Wood Poems

A poem, a song, a crib of useful lore.
This is a series of wood fire poems, detailing the properties of the different trees on the fire. Many versions exist, and most highlight Ash as the best wood to burn.

The Wood Fire – version 1

Beechwood fires are bright and clear
If the logs are kept a year;
Oaken logs burn steadily
If the wood be old and dry;
But ash dry or ash green
Makes a fire fit for a queen.

Logs of birchwood burn too fast,
There’s a fire that will not last;
Chestnut’s only good they say
If for long it’s laid away;
But ash new or ash old
Is fit for a queen with a crown of gold.

Poplar makes a bitter smoke
Fills your eyes and makes you choke;
It is by the Irish said
Hawthorn makes the sweetest bread;
But ash green or ash brown
Is fit for a queen with a golden crown

Elmwood burns with a churchyard mould,
E’en the very flames are cold;
Apple logs will fill your room
With an incense like perfume;
But ash wet or ash dry
For a queen to warm her slippers by.

Other verses from adaptations:

Flames from Larch will shoot up high,
Dangerously the sparks will fly.

Store your beech for Christmastide
With new cut Holly laid beside.

Wood Poem – version 2

Oak logs will warm you well
That are old and dry
Logs of pine will sweetly smell
But the sparks will fly.

Birch logs will burn too fast
Chestnut scarce at all;
Hawthorn logs are good to last
Cut them in the fall.

Holly logs will burn like wax,
You may burn them green;
Elm logs like smoldering flax
No flame to be seen.
Beech logs for winter time
Yew logs as well
Green Elder logs it is a crime
For any man to sell.

Pear logs and apple logs
They will scent your room,
Cherry logs across the dogs
Smells like flower of broom.

Ash logs smooth and grey,
Burn them green or old,
Buy up all that come your way –
Worth their weight in gold.

The bard Robin Williamson has put this one into song.  Here is a 30 second clip of the track:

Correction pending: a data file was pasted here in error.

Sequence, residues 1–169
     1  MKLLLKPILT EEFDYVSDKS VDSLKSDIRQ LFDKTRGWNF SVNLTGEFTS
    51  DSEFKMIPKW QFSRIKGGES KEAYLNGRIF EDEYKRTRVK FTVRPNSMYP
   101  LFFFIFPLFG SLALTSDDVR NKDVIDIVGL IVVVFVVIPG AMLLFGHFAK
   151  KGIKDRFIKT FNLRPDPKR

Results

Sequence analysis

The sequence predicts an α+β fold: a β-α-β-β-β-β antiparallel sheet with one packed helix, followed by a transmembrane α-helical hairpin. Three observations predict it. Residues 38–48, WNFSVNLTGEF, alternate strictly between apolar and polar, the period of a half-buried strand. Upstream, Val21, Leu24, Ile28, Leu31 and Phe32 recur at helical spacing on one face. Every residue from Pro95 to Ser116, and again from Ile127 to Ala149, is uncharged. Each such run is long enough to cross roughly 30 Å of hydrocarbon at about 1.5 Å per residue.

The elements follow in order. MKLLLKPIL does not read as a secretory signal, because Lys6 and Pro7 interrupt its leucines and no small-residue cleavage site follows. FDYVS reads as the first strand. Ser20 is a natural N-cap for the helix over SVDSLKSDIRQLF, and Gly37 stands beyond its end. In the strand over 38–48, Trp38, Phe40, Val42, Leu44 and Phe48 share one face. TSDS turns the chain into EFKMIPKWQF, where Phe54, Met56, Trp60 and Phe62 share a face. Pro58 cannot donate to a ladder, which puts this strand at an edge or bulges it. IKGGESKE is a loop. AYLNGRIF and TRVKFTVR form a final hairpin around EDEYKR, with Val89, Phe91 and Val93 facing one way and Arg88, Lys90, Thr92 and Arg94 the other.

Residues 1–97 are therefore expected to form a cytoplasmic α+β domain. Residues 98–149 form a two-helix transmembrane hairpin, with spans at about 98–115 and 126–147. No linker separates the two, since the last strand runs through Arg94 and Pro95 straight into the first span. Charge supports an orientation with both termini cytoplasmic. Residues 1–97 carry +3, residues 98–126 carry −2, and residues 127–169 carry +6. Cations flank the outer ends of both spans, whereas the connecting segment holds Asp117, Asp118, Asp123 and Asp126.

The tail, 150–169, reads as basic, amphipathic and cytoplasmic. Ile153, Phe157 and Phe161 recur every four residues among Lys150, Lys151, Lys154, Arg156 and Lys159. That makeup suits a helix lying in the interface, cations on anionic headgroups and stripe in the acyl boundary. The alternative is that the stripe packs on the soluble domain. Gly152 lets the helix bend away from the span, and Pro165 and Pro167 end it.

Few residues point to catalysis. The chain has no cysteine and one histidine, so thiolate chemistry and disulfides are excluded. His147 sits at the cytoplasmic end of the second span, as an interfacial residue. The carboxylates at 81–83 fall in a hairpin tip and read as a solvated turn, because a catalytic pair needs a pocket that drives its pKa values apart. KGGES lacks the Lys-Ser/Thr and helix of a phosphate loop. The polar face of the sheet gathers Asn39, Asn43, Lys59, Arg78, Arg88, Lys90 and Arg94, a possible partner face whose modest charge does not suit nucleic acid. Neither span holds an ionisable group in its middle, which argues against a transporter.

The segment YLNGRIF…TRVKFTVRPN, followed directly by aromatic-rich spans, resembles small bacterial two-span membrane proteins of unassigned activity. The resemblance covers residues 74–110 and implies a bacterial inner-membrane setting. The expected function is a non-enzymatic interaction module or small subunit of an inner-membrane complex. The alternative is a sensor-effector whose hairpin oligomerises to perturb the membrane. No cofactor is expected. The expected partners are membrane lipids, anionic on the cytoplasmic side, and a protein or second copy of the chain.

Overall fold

[audio:http://www.awalkaroundbritain.com/upload/files/Robin-Williamson-Tree-poem-clip.mp3]

Wood Poem – version 3

Logs to burn! Logs to burn!
Logs to save the coal a turn!
Here’s a word to make you wise
When you hear the woodsman’s cries.

Beechwood fires burn bright and clear,
Hornbeam blazes too,
If the logs are kept a year
And seasoned through and through.

Oak logs will warm you well
If they’re old and dry,
Large logs of pinewood smell
But the sparks will fly.

Pine is good and so is yew
For warmth through wintry days
But poplar and willow, too
Take long to dry and blaze.

Birch logs will burn too fast,
Alder scarce at all.
Chestnut logs are good to last
If cut in the fall.

Holly logs will burn like wax,
You should burn them green,
Elm logs like smouldering flax,
No flame is seen.

Pear logs and apple logs,
They will scent your room.
Cherry logs across the dogs
Smell like flowers in bloom.

But ash logs, all smooth and grey,
Burn them green or old,
Buy up all that come your way,
They’re worth their weight in gold.

We found the one above in Ray Mears’ Bushcraft book.

In an old tale called “The Death of King Fergus”, Iubhdan (pron. Yoo-dan), King of the Leprechauns speaks of the qualities and uses of timber.
He warns that one should never burn ivy/woodbine, it is the King of Trees – having the power to kill other trees. It rules the forests, and, he says, must be treated with very great respect.

2 Responses to “Wood Poems”

  1. nick says:

    awsome poem can u make more :) :)

  2. Nicky says:

    Hi

    I have another version of the the ‘logs to burn’ poem:

    Logs to burn! Logs to burn!
    Logs to save the coal a turn!

    Beechwood fires are bright and clear
    If the logs are kept a year,
    Chestnut’s only good they say
    If for long ’tis laid away;
    Birch and fir logs burn too fast,
    Blaze up bright and do not last.
    It is by the Irish said
    Hawthorn bakes the sweetest bread.
    Elmwood burns like churchyard mould,
    E’en the very flames are cold;
    Poplar makes a bitter smoke
    Fills your eyes and makes you choke;
    Applewood will scent your room
    With an incense like perfume;
    Oak and maple if dry and old
    Keep away the winters cold:
    But ashwood wet or ashwood dry
    A king shall warm his slippers by!

Leave a Reply